High-altitude and long-range transport of aerosols causing regional severe haze during extreme dust storms explains why afforestation does not prevent storms
- 15 Downloads
Climate change is predicted to induce more extreme events such as storms, heat waves, drought and floods. Dust storms are frequently occurring in northern China. Those storms degrade air quality by decreasing visibility and inducing cardiovascular and respiratory diseases. To control dust storms, the Chinese government has launched a large-scale afforestation program by planting trees in arid areas, but the effectiveness of this program is still uncertain because the trajectories and altitudes of dust transport are poorly known. In particular, afforestation would be effective only if dust transport occurs at low altitudes. To test this hypothesis, we analyzed the extreme dust storm from May 2 to 7, 2017, which resulted in record-breaking dust loads over northern China. For that, we used dust RGB-composite data from the Himawari-8 satellite and the cloud-aerosol lidar, moderate-resolution imaging spectroradiometer data, and surface monitoring data. The source regions of the dust storms were identified using the hybrid single-particle Lagrangian integrated trajectory model and infrared pathfinder satellite observation. Contrary to our hypothesis, results show that dust is transported at high altitude of 1.0–6.5 km over long distances from northwestern China. This finding explains why the afforestation has not been effective to prevent this storm. Results also disclose the highest particulate matter (PM) concentrations of 447.3 μg/m3 for PM2.5 and 1842.0 μg/m3 for PM10 during the dust storm. Those levels highly exceed Chinese ambient air quality standards of 75 μg/m3 for PM2.5 and 150 μg/m3 for PM10.
KeywordsRegional severe haze Massive dust storm Satellite observation Optical properties
This work was partially supported by the Department of Science and Technology of China (Nos. 2016YFC0202702; 2014BAC22B06) and National Natural Science Foundation of China (No. 21577126). This work was also supported by the Joint NSFC–ISF Research Program (No. 41561144004), jointly funded by the National Natural Science Foundation of China and the Israel Science Foundation. Part of this work was also supported by the “Zhejiang 1000 Talent Plan” and Research Center for Air Pollution and Health in Zhejiang University. The views expressed in this presentation are those of the author(s) and do not necessarily represent those of the US EPA.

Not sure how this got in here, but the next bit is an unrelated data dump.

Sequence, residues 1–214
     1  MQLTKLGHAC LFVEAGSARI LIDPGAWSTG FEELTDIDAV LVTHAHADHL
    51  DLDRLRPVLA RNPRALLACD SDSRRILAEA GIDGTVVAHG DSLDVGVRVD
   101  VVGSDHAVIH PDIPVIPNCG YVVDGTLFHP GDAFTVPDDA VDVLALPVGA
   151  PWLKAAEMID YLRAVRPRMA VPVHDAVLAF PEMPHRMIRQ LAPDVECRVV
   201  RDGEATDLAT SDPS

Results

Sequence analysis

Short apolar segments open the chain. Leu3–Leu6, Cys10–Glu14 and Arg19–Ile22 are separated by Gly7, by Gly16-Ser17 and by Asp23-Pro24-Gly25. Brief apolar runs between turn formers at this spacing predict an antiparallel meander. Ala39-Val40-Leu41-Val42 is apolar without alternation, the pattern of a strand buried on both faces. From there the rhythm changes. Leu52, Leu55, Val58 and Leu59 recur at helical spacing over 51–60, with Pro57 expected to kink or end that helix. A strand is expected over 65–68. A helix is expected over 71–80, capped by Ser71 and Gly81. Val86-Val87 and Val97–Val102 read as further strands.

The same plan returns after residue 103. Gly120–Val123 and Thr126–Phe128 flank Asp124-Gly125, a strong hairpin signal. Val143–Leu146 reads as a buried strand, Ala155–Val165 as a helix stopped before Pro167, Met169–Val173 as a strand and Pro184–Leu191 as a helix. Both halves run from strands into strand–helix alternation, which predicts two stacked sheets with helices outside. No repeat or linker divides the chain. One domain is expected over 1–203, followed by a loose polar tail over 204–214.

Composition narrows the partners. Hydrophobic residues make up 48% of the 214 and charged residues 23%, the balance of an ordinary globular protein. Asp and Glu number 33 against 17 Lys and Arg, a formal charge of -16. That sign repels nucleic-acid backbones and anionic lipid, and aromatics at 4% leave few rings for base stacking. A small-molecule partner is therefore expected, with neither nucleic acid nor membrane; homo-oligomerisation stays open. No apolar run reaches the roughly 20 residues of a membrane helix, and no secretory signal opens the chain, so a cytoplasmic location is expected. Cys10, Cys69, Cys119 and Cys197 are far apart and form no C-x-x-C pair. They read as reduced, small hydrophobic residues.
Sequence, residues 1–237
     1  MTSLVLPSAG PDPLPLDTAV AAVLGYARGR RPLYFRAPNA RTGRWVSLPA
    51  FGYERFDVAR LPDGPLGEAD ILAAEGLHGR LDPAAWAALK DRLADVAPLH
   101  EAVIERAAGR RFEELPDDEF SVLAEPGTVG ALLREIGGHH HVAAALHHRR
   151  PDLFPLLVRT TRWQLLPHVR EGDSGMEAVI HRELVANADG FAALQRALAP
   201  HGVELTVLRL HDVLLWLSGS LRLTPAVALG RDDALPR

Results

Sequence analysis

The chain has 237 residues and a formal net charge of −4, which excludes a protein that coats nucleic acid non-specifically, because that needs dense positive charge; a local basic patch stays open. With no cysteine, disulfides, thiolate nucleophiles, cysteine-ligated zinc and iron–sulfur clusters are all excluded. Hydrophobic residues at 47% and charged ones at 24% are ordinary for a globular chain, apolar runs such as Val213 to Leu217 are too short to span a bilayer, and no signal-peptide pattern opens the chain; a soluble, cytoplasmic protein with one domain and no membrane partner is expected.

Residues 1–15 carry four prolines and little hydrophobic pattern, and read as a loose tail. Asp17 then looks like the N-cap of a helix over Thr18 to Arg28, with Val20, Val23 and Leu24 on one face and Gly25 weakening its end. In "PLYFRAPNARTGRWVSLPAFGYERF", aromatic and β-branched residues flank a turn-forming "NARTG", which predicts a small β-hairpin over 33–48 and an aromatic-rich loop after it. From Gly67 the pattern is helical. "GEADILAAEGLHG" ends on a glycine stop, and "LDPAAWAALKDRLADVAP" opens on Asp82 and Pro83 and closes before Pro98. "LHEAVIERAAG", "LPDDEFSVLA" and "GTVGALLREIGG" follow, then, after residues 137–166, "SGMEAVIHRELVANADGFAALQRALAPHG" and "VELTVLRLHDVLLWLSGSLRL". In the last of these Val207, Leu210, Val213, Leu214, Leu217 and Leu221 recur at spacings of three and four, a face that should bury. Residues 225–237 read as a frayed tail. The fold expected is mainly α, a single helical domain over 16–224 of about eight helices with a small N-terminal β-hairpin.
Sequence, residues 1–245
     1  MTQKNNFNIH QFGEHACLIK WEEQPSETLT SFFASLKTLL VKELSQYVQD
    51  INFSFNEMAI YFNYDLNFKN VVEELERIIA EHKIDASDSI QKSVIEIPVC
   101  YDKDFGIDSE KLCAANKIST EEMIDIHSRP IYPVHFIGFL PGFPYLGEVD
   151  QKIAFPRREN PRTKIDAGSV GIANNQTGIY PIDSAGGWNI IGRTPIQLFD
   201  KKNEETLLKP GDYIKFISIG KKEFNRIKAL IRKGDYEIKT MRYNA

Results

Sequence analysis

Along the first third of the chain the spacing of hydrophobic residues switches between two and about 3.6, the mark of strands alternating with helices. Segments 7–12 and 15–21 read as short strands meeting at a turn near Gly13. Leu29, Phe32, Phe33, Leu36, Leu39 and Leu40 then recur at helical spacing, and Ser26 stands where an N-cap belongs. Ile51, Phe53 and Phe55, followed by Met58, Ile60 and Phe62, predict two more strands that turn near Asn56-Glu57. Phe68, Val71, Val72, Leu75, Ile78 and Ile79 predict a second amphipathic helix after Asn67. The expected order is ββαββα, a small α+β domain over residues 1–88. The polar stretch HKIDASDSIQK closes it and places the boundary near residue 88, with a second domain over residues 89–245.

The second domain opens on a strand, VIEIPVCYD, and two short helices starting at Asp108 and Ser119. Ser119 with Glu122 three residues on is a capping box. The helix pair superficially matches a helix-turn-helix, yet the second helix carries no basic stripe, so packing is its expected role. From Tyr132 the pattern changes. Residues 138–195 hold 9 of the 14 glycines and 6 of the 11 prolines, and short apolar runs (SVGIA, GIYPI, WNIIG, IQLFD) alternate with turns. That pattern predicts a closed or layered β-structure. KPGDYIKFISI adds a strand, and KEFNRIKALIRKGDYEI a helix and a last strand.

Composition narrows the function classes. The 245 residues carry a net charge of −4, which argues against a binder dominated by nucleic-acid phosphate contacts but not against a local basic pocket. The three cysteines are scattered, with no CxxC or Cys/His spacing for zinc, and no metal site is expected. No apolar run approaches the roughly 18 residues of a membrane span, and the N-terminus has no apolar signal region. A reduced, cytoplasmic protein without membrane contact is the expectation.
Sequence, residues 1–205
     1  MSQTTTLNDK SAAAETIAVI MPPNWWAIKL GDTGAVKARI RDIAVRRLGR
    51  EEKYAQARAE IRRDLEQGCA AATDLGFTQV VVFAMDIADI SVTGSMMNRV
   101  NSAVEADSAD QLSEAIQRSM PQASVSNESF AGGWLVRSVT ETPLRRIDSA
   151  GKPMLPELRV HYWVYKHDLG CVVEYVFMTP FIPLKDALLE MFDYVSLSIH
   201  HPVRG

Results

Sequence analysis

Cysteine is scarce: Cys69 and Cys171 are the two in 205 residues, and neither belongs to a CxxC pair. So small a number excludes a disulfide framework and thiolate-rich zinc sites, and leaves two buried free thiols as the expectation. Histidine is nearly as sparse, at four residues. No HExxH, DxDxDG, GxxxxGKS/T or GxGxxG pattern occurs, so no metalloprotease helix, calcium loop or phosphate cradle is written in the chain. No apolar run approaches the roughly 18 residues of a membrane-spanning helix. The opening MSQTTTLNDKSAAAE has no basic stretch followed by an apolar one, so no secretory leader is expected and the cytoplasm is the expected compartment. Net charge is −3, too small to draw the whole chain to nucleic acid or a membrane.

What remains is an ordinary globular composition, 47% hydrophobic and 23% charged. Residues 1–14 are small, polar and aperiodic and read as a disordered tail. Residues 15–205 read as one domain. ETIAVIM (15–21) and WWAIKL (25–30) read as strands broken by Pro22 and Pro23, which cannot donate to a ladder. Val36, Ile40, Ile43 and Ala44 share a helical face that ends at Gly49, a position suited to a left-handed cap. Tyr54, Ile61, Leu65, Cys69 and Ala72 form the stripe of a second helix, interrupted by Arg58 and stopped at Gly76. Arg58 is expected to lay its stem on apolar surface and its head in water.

- Beniston M, Stephenson DB, Christensen OB, Ferro CAT, Frei C, Goyette S, Halsnaes K, Holt T, Jylhä K, Koffi B, Palutikof J, Schöll R, Semmler T, Woth K (2007) Future extreme events in European climate: an exploration of regional climate model projections. Clim Change 81(Suppl 1):71. https://doi.org/10.1007/s10584-006-9226-z CrossRefGoogle Scholar
- Dubovik O, Holben B, Eck TF, Smirnov A, Kaufman YJ, King MD, Tanré D, Slutsker I (2002) Variability of absorption and optical properties of key aerosol types observed in worldwide locations. J Atmos Sci 59:590–608. https://doi.org/10.1175/1520-0469(2002)059%3c0590:VOAAOP%3e2.0.CO;2 CrossRefGoogle Scholar
- Evan AT, Heidinger AK, Bennartz R, Bennington V, Mahowald NM, Corrada-Bravo H, Velden CS, Myhre G, Kossin JP (2008) Ocean temperature forcing by aerosols across the Atlantic tropical cyclone development region. Geochem Geophys Geosyst 9:Q05V04. https://doi.org/10.1029/2007GC001774 CrossRefGoogle Scholar
- Holben BN, Eck TF, Slutsker I, Tanré D, Buis JP, Setzer A, Vermote E, Reagan JA, Kaufman YJ, Nakajima T, Lavenu F, Jankowiak I, Smirnov A (1998) AERONET-A federated instrument network and data archive for aerosol characterization. Remote Sens Environ 66:1–16. https://doi.org/10.1016/S0034-4257(98)00031-5 CrossRefGoogle Scholar
- Ichinose T, Yoshida S, Hiyoshi K, Sadakane K, Takano H, Nishikawa M, Mori I, Yanagisawa R, Kawazato H, Yasuda A, Shibamoto T (2008) The effects of microbial materials adhered to Asian sand dust on allergic lung inflammation. Arch Environ Contam Toxicol 55:348–357. https://doi.org/10.1007/s00244-007-9128-8 CrossRefGoogle Scholar
- IPCC (2013) Climate change 2013: the physical science basis: contribution of working group I to the fifth assessment report of the intergovernmental panel on climate change. Volume IPCC WGI fifth assessment report. Cambridge University Press, CambridgeGoogle Scholar
- Mamouri RE, Ansmann A, Nisantzi A, Solomos S, Kallos G, Hadjimitsis DG (2016) Extreme dust storm over the eastern Mediterranean in September 2015: satellite, lidar, and surface observations in the Cyprus region. Atmos Chem Phys 16:13711–13724. https://doi.org/10.5194/acp-16-13711-2016 CrossRefGoogle Scholar
- Seinfeld JH, Pandis SN (2016) Atmospheric chemistry and physics: from air pollution to climate change, 3rd edn. Wiley, Hoboken, pp 970–972Google Scholar
- Sun T, Che H, Qi B, Wang Y, Dong Y, Xia X, Wang H, Gui K, Zheng Y, Zhao H, Ma Q, Du R, Zhang X (2018) Aerosol optical characteristics and their vertical distributions under enhanced haze pollution events: effect of the regional transport of different aerosol types over eastern China. Atmos Chem Phys 18:1–45. https://doi.org/10.5194/acp-18-2949-2018 CrossRefGoogle Scholar
- Wang YQ, Zhang XY, Draxler D (2009) TrajStat: GIS-based software that uses various trajectory statistical analysis methods to identify potential sources from long-term air pollution measurement data. Environ Model Softw 24:938–939. https://doi.org/10.1016/j.envsoft.2009.01.004 CrossRefGoogle Scholar
- Zhang Y, Peng CH, Li WZ, Tian LX, Zhu Q, Chen H, Fang XQ, Zhang GL, Liu GB, Mu XM, Li ZB, Li SQ, Yang YZ, Wang J, Xiao XM (2016) Multiple afforestation programs accelerate the greenness in the ‘Three North’ region of China from 1982 to 2013. Ecol Indic 61:404–412. https://doi.org/10.1016/j.ecolind.2015.09.041 CrossRefGoogle Scholar